A leaking joint is the number one repair problem in the greenhouse, irrigation and dairy farm industries. When you Tech-Bond that leaking joint, you do not have to replace either the pipe or the coupling.
We apologize. Because of our growth, we are going through some much needed changes. Because of those changes we do not yet have the video on how to Tech-Bond a leak PVC joint. We gave successfully completed the lab and initial field tests. One of the steps we are taking is to develop partnerships with major local operations, a greenhouse, a dairy farm and an irrigation operation. With those partnerships, we will develop a better understanding of all the issues these operations face. With better understanding we will develop better solutions. Thank you for your patience.
What are the costs of a leaking joint?
There are a number of costs when a PVC joint is leaking. First there is the water (or other fluid) loss. Depending on your situation, fluid lost can be costly.
Granted pipe and coupling replacement is not expensive, but there is still a cost. What is most problematic in the repair of any leak is the time needed to make that repair. Systems have to be shut down during the repair process while one or more technicians are involved in making the repair. The $ 20.00 to 40.00 per hour for the cost of labor is not insignificant, but it is the waste of fluid and the downtime associated with the repair. that are often more problematic. For PVC, copper, galvanized, iron pipe, etc., you will need a Starter Kit. To purchase a Starter Kit, click on the button below. Use SI Black as the adhesive for the control provided.
Stopping the leaking PVC joint by Tech-Bonding the joint.
Tech-Bonding the leaking PVC joint.
The steps on how to Tech-Bond the joint to stop the leak are listed below.
- The surfaces must be dry.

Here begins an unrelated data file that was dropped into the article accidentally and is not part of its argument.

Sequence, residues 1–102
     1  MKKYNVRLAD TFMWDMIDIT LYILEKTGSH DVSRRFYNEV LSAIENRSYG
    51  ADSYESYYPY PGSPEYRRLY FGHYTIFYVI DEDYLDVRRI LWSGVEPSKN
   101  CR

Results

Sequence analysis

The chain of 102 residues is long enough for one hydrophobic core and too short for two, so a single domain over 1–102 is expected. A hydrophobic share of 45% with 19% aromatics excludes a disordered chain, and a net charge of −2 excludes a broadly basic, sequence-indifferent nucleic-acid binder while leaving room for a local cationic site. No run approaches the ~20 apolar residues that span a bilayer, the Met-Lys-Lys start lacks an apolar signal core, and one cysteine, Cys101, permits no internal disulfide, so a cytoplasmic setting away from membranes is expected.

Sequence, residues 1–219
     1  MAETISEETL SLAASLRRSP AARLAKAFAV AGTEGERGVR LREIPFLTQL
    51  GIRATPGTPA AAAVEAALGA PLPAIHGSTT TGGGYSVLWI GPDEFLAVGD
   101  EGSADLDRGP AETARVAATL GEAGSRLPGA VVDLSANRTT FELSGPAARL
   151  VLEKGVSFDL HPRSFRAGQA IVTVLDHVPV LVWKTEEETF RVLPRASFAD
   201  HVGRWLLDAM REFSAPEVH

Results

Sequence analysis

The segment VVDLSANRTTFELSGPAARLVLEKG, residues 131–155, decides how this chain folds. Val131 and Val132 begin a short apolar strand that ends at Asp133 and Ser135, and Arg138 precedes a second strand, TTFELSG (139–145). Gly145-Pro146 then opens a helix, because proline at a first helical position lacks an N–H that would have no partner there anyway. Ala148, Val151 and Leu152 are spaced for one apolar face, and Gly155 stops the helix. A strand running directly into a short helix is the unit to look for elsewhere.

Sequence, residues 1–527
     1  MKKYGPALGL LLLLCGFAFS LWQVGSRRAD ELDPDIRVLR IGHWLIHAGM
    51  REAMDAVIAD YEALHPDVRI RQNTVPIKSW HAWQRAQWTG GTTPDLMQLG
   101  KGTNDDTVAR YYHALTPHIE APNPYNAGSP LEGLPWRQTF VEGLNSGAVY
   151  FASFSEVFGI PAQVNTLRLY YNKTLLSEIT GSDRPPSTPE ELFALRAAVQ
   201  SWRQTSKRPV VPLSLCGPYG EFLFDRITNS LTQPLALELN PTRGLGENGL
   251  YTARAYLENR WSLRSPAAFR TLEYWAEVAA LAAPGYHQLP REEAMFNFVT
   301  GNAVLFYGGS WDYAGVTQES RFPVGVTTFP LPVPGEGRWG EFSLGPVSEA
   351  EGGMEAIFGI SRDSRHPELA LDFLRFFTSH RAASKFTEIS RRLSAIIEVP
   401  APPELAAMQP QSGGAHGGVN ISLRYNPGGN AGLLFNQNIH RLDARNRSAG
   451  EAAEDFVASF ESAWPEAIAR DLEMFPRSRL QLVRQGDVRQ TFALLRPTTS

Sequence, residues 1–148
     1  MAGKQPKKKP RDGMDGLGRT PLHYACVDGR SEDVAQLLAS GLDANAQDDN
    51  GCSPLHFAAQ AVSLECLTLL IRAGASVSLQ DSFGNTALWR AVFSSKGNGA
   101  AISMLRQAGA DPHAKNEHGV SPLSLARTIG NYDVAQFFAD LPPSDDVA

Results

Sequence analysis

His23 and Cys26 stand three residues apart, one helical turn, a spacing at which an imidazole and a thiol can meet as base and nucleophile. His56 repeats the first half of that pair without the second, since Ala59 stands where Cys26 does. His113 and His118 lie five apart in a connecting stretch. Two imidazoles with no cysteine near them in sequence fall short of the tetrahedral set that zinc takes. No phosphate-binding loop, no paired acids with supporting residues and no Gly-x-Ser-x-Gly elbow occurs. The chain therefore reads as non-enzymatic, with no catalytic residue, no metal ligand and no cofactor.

- Abrade both the PVC pipe surface and the edge of the coupling.
- Thoroughly clean both surfaces. There cannot be any dirt, grease, or residue.
- Apply a bead of the Si Black along the entire seam of the joint. Use the nozzle as a paint brush to spread the adhesive as thin as possible.
- Spray the Activator/Accelerator on the seam.
- Repeat the the last two steps twice.
You are finished. Your repair is that easy. And your Tech-Bonded repair is permanent.
Is this for real?
We understand your skepticism. Since 2016, we have been consistently doing what many consider impossible, bonding polymers. With our patented Polymer Bonding Process (Process), you can bond Teflon®, Delrin®, polyproplyene, nylon, silicone rubber, HDPE, polyurethane, polyethylene, all polymers quickly, easily and permanently. Polymers can be bonded to themselves, to other polys and to almost all other substrates. Glass, stainless and alloy steels are the substrates where the Process does not form a permanent bond.
When there are holes and crack in a pipe or tank, you will need a Tech-Patch. Tech-Patches are made using a polymer, specifically fluorosilicone.. In the aerospace and automotive industries, fluorosilicone is the polymer of choice. Tech-Patches are flexible, which any permanent patch must be, and are impervious to gas, oil, water, weather and most common chemicals. With the Polymer Bonding Process you can bond Tech-Patches to poly tank and pipes. There are two types of Tech-Patches, listed below.
G Series Tech-Patch
G Series Tech-Patches are for the repair of both metal and plastic gas tanks. The reason why fluorosilicone is on of the few polymer taht is impervious is that the polymer surface is reinforced with another polymer. With G Series Tech-Patches both surfaces have the infused polymer. Either side of the G Series Tech-Patch can be placed against the tank or pipe.
ZT Tech-Patches seal holes and cracks in pipes and tanks that do not carry or hold gasoline. One of the Tech-Patch surfaces has been abraded increasing the stress rating to 120 psi. Always place the abraded side against the pipe or tank.